The photograph above recently appeared as the front and back cover art of a book titled Winter Solstice, published by Devil’s Press, an anthology of fiction and poetry produced by a writers’ workshop in Milton. It was taken by an unknown photographer somewhere in the winter months between 1902 and 1909. The camera was pointed northeast from a vantage point in the middle of Federal Street, with the Goshen M. E. Church on the camera’s left and No. 119 Federal Street on the right. Only a thin sliver of the church is visible at left (#1 in the diagram below), identifiable by the pointed arch windows; No. 119 does not appear at all.
The Goshen M. E. Church building was demolished in the early 1960’s and a new church built on the southwest corner of Federal and Mulberry Streets, a few hundred feet south of the old location. The Fellowship Hall of that church stood in the same spot that it occupies today, set back behind the church and now at the back of an empty space.
The house just south of to the church (#2 in the diagram) is No. 112, “The Parker House,” constructed ca. 1880 and still standing today. The small house (#3 in the diagram) no longer exists; the space it formerly occupied was acquired at some point by the owners of No. 108 Federal Street (#4 in the diagram) and is now a driveway and parking lot.
No. 108 is now the Suburban Farmhouse Coffee Shop but began its life as the Milton branch of the Lewes-headquartered Sussex Trust, Title and Safe Deposit Company. The presence of this structure in the photograph enables us to establish the early end of the date range as 1902, when the structure was completed and opened for business on January 2 of that year.
South of No. 108 are three buildings according to the information I’ve been able to assemble: #5 was actually two buildings: the barber shop and residence of William Mears. Looking very closely, you can see a striped barber pole on the sidewalk outside #5. #6 was the telephone exchange, and #7 was the Sussex National Bank branch.
Another photograph in the Milton Historical Society collection, taken by photographer Dr. William H. Douglas, shows buildings #1 – #7 more clearly and without snow, but from the opposite direction: looking southwest from the intersection of Front and Federal Streets.
In the above extract from the Douglas photograph, building #7 is in the right foreground; although I interpret information from contemporary newspapers that this was a branch of the Sussex National Bank, it is peculiar that there is a poster in the plate glass window advertising sheet music for sale. Building #6 and the Mears barber shop and residence (#5), including the striped barber pole in the sidewalk, are clearly visible. #4 (the S. T. T. & S. D. Co. bank building), the two residences above it (#3 and #2) as well as the steeple of the Goshen M. E. Church (building #1) are visible as well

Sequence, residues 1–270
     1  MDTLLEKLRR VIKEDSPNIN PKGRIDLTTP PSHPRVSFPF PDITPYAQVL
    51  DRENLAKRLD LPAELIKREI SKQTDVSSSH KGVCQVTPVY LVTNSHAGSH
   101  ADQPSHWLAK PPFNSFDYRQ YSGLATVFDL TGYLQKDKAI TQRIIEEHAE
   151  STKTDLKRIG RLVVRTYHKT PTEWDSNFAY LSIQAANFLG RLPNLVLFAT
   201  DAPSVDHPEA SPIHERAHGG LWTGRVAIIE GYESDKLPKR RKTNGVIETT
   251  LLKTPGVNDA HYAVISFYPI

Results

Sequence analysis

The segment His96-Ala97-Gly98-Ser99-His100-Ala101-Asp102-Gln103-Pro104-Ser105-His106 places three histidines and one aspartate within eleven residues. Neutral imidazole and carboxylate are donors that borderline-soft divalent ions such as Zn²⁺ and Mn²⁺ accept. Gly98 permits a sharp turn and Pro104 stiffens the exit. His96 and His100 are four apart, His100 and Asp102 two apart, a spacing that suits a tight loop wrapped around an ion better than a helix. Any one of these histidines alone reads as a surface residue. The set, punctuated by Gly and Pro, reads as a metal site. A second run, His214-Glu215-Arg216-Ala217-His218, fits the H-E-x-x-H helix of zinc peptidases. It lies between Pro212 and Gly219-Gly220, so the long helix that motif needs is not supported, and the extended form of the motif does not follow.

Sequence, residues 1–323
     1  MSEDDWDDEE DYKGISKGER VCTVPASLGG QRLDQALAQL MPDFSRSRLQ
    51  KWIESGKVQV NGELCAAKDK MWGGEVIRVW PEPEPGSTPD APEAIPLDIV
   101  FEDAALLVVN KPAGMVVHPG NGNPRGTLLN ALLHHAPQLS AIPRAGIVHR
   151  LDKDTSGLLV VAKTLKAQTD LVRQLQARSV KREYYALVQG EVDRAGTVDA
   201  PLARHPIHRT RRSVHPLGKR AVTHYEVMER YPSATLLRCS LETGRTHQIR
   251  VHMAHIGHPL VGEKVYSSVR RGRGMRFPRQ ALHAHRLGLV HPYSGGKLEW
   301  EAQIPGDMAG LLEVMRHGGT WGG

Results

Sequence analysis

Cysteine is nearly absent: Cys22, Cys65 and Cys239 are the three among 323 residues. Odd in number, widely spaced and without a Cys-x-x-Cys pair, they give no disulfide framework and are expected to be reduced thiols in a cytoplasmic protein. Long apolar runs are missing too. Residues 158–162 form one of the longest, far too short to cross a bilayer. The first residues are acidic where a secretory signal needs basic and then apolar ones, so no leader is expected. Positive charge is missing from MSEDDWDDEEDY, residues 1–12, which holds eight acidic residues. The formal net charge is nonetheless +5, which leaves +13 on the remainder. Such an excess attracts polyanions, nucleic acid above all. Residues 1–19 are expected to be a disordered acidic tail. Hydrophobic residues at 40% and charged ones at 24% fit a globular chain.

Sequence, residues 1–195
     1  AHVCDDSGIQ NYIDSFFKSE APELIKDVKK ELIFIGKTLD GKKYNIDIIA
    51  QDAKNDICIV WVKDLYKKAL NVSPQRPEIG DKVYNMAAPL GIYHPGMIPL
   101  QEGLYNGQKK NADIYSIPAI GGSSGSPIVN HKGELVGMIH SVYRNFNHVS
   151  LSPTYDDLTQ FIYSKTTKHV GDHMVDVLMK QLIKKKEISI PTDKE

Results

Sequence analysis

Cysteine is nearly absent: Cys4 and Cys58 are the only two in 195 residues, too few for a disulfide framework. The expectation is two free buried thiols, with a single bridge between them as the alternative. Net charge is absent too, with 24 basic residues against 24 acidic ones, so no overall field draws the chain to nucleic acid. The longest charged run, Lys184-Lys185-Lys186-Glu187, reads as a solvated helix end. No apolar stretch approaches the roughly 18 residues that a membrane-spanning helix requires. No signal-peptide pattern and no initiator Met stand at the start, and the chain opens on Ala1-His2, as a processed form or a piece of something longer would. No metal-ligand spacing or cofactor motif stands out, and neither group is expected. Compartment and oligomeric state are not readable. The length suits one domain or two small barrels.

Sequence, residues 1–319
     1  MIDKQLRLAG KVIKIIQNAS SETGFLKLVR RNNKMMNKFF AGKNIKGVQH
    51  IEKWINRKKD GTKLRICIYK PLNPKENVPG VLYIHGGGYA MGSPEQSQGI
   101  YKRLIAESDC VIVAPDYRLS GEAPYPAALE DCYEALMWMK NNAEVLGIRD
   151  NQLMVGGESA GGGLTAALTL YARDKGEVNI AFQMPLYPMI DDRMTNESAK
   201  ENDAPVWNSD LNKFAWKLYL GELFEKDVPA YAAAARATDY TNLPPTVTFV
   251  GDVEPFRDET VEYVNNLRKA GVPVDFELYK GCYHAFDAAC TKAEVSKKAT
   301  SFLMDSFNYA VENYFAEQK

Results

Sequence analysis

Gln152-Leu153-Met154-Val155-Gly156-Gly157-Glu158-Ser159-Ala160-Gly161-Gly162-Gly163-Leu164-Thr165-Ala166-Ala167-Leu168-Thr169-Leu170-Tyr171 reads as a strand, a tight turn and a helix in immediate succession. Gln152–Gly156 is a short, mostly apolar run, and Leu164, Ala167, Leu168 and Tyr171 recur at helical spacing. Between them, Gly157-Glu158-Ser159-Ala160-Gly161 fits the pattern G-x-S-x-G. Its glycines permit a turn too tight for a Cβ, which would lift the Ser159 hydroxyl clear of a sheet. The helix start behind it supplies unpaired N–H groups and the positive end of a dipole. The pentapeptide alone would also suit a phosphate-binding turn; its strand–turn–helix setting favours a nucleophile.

On the other side of Federal Street, buildings #8, #9, and #10 correspond to structures still standing today (Nos. 115, 113, and 111). The present day Milton Town Hall was essentially an almost total rebuilding of of #9, down to the frames and joists. #10 is the Jones House, built in 1901, distinguished by an octagonal turret which is the only part of it visible in the photograph (it was called the Holly House according to the Department of the Interior nomination report of 1980).
To the northeast of #10 were several commercial building, but only their sidewalk awnings are visible in the photograph. This cluster of buildings was known at the time as the Ponder Block, but they were owned and occupied by James Palmer and his family. Other tenants included the post office, a meat store, a pool room, and a justice of the peace.
On August 12, 1909, Milton’s worst fire ever broke out at a commercial building on Front Street and destroyed 18 businesses in the center of Milton. Among them were the buildings just north of the S. T. T. & S. D. bank building on the west side of Federal Street (#5, 6, and 7 in the diagram) and the buildings north of structure #10. This event enables us to date the late end of the snowbound photograph to the winter of 1909. Further examination of weather reports for this period might identify a heavy snowstorm and thus further pinpoint the date the photo was taken.
National Register of Historic Places Inventory–Nomination Form, U. S. Department of the Interior, ca. 1980